Timothy Brownell pleaded no contest to an assault charge stemming from a brawl with local musicians last June in a deal that dropped hate charges against the Sacramento man and averted a potential retrial.
Weeks after a jury deadlocked at his trial, Brownell pleaded no contest to a single count of assault in the June 2015 incident Friday before Sacramento Superior Court Judge Geoffrey Goodman. In exchange, Sacramento County prosecutors dropped the three counts of assault with a deadly weapon, an allegation that Brownell inflicted great bodily injury and the trio of hate crime allegations they had originally filed against Brownell.
The assault charge agreed to Friday carries a two-year term, but with time already served in Sacramento County custody in the case, Brownell could be released in about 3 1/2 months, said Leslie Ramos, Brownell’s defense attorney, on Friday. Brownell has been held in Sacramento County custody since the June 2015 incident.
“This is a resolution that puts finality to it,” Ramos said of Friday’s plea agreement.
Sacramento Superior Court jurors deadlocked in early February at Brownell’s trial before Judge Michael Savage on assault with a deadly weapon – a strike offense – and hate allegations.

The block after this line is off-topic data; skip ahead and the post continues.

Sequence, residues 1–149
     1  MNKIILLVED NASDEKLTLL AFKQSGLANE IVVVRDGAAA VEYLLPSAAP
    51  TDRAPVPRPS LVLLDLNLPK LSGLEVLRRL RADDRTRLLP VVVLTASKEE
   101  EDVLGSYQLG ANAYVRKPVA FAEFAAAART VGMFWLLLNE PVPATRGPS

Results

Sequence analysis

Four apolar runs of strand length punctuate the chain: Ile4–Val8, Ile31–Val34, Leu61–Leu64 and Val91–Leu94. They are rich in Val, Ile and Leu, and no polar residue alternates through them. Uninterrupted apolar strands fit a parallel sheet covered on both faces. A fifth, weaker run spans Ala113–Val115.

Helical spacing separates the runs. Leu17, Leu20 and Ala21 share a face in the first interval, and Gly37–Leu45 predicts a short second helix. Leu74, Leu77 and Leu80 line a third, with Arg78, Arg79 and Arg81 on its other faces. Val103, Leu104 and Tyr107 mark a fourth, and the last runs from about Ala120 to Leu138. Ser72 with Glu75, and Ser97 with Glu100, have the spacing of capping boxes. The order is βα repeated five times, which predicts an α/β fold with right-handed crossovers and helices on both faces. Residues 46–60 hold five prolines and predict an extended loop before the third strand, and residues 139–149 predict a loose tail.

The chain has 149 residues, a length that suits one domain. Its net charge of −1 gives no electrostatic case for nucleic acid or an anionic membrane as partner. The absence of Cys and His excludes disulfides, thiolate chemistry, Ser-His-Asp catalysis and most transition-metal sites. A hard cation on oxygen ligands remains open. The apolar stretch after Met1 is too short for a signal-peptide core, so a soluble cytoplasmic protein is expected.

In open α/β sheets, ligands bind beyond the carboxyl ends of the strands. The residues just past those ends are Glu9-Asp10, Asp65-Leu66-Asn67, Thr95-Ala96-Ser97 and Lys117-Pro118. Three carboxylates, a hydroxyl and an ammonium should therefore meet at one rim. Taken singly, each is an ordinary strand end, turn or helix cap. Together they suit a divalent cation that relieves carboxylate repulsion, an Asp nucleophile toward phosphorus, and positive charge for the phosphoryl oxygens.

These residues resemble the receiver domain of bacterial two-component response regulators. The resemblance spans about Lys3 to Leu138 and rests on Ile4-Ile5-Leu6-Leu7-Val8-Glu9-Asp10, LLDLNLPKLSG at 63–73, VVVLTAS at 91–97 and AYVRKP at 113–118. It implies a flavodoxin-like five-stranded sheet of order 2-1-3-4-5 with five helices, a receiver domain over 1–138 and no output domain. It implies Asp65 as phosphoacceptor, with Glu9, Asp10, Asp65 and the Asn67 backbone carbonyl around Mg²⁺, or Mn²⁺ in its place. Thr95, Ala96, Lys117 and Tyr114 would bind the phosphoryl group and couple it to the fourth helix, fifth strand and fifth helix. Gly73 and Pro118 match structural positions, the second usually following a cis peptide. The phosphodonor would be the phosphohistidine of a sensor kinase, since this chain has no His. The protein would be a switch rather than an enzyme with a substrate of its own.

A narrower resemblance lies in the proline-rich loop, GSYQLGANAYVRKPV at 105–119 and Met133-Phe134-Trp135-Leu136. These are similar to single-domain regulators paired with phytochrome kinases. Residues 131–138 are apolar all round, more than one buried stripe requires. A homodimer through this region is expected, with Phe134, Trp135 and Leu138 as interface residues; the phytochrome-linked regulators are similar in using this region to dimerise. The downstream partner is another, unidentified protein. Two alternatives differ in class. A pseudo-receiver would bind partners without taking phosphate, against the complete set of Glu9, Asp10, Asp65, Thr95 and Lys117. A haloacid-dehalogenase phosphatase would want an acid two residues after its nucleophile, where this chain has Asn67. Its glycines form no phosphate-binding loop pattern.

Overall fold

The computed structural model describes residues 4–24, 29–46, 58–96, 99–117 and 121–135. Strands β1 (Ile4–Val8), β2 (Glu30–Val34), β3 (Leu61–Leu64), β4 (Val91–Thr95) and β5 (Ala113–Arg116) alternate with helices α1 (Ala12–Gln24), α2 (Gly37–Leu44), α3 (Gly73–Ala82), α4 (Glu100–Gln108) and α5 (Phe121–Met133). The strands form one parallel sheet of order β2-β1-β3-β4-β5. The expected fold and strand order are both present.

Prosecutors at trial accused the 25-year-old military veteran of attacking a trio of local musicians on O Street with a knife and hurling homophobic slurs at the men because they wore skinny-legged jeans. Two of the men – Alex Lyman and Blake Abbey – were stabbed in the fracas, with Abbey requiring surgery for slashes to an arm.
But Brownell maintained that he never uttered the epithets and that he was the one under attack, surrounded by the three men and a fourth as he tried to hold them at bay, slashing at the men only after they went after a drinking buddy of Brownell’s.
Jurors unable to determine whether Brownell attacked the musicians as a hate crime or out of self-defense could not return a verdict after nearly three days of deliberation. It was unknown whether Sacramento County prosecutors planned to seek a second trial.
Abbey, Lyman and friend Weston Richmond moved out of Sacramento after the incident, but in a letter read to the court on Friday, Abbey said the incident left his life “completely changed.”
“I wish this had never happened to me, period. I hope and pray this doesn’t happen to anyone else at the hands of Timothy Brownell,” Abbey wrote.